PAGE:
Egyptians As “Light of Blood”
Shortly after Saad Ibrahim was sent to jail by the Mubarak regime on a trumped up charge intended to send a chill through the pro-democracy and human rights NGOs in the country, a bunch of us sat around in the Café Riche coffee house telling Saad Ibrahim stories. My favorite was the time Saad was traveling in Saudi Arabia. When his bus was stopped at a check point, he discovered that he had left his Egyptian passport at the hotel. Questioned by the kingdom’s security forces, Saad asserted that he was Egyptian.
“Egyptian, eh?” sneered the officer in charge. “Tell us a joke.” So Saad did, and the guards laughed heartily and sent him on his way.
This story illustrates better than any assertion I could make the principle of the Egyptian character. In regional stereotypes, Egyptians are usually seen as the funniest of the Arabs. They are said to be khafiift id-damm (light of blood).
According to Isandr El-Amrani Egyptian advocates under were banned from practicing law Roman rule because their jokes threatened to undermine the seriousness of the courts (I’ve been searching for a confirmation of this to no avail; anyone know any classical sources for this claim?)
Ibn Khaldun, the great 14th-century Arab social theorist, noted that Egyptians were an unusually mirthful and irreverent people (Messiri :3).
Khafiift id-damm was once described to me by an Arabic instructor as, “Our lives are so hard, so filled with absurdity that if we don’t laugh, we would never stop weeping.”
Her characterization echoes that of Ahmed Amin, who claimed that “in his day” (1900-1950) jokes were used as a way to deflect serious consideration of the potentially devastating consequences of social and economic changes. He described coffee houses filled with the most vulnerable populations, such as unemployed laborers, following the latest jokes as assiduously as they did the news or the latest cotton prices (Amin 1953). Amin thus ties Egyptian jocularity to news, economics and politics.
That this characteristic of khafiift id-damm has long been especially associated with political humor is expressed by the Egyptian anthropologist Hamid Ammar:
It seems that the joke is used (by the Egyptians) to satisfy his internal feelings and comfort those who hear it. It also keeps him away from the (serious) subject, and even from reality itself. Hence, many of the clever Egyptian jokes act as release for the political and social conditions that afflict the people. They also act as an escape from anxieties and hence make life bearable. (Ammar 1961, quoted in Messiri :3-4.)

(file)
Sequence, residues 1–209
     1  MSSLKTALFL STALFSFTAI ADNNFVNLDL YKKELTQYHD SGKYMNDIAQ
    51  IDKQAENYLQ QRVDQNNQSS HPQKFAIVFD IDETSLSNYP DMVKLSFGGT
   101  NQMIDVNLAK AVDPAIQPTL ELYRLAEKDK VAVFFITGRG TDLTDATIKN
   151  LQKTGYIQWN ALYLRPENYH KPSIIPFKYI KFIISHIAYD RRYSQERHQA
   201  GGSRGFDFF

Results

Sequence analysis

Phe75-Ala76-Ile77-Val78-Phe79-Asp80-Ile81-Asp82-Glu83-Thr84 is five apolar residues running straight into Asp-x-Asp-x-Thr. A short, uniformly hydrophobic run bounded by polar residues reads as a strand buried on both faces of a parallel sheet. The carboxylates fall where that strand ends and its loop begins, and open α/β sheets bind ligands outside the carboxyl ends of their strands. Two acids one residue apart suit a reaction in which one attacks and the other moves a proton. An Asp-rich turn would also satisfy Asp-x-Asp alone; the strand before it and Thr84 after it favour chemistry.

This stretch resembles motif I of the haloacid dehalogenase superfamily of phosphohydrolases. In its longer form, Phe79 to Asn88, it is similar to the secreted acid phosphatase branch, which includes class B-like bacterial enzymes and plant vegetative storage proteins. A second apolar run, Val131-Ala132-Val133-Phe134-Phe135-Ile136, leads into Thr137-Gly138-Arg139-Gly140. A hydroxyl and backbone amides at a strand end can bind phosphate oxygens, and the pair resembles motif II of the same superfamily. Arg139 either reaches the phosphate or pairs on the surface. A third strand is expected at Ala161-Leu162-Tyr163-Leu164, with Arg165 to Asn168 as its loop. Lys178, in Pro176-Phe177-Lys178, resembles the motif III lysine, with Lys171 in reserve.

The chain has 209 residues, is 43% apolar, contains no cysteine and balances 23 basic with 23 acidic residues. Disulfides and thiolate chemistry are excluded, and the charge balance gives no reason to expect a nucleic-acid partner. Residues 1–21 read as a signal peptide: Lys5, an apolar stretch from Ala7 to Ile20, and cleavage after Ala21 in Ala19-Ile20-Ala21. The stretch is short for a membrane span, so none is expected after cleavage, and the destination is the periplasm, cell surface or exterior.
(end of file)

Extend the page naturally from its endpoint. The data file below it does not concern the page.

Much of this character is expressed in everyday life in political satire–jokes about politicians, the police, the president, the military council, and other public figures. Or, as one recent article on political humor has it, such jokes are “’rhetorical charms,’ or stylistic seductions based on surprising uses of language and/or images designed to provoke laughter, disrupt ordinary arguments, and counter taken-for-granted truths” (Goodall et al 2012).
A year ago, Michael Slackman suggested in a New York Times article that Egyptian humor was suffering from “revolution fatigue” (Slackman 2011). Perhaps that was briefly true for some of Mr. Slackman’s sources, but I think the Egyptian predilection toward humor as a tool in the face of pain, stress and difficulties remains very much cogent today, and is well-expressed in tweets, on television, YouTube, blogs and more.
Amin, Ahmed. 1953. Fayd al-Khatir. Cairo. 10 vols.
Ammar, Hamid. 1961. Growing Up in an Egyptian Village. London: Routledge and Kegan Paul.
El Amrani, Issandr 2011. Three Decades of a Joke That Just Won’t Die: Egyptian humor goes where its politics cannot. Foreign Policy Jan. 2. http://www.foreignpolicy.com/articles/2011/01/02/three_decades_of_a_joke_that_just_wont_die?page=0,0
Goodall, H. L., Jr, Pauline Hope Cheong, Kristin Fleischer and Steven R. Corman. 2012. Rhetorical Charms: The Promise and Pitfalls of Humor and Ridicule as Strategies to Counter Extremist Narratives. Perspectives of Terrorism 6(1): 70-79. http://www.terrorismanalysts.com/pt/index.php/pot/article/view/goodall-et-al-rhetorical/365
Messiri, Sawsan. Ibn al-balad: a concept of Egyptian identity.
Slackman, Michael. 2011. When a Punch Line Is No Longer a Lifeline for Egyptians. New York Times, April 5.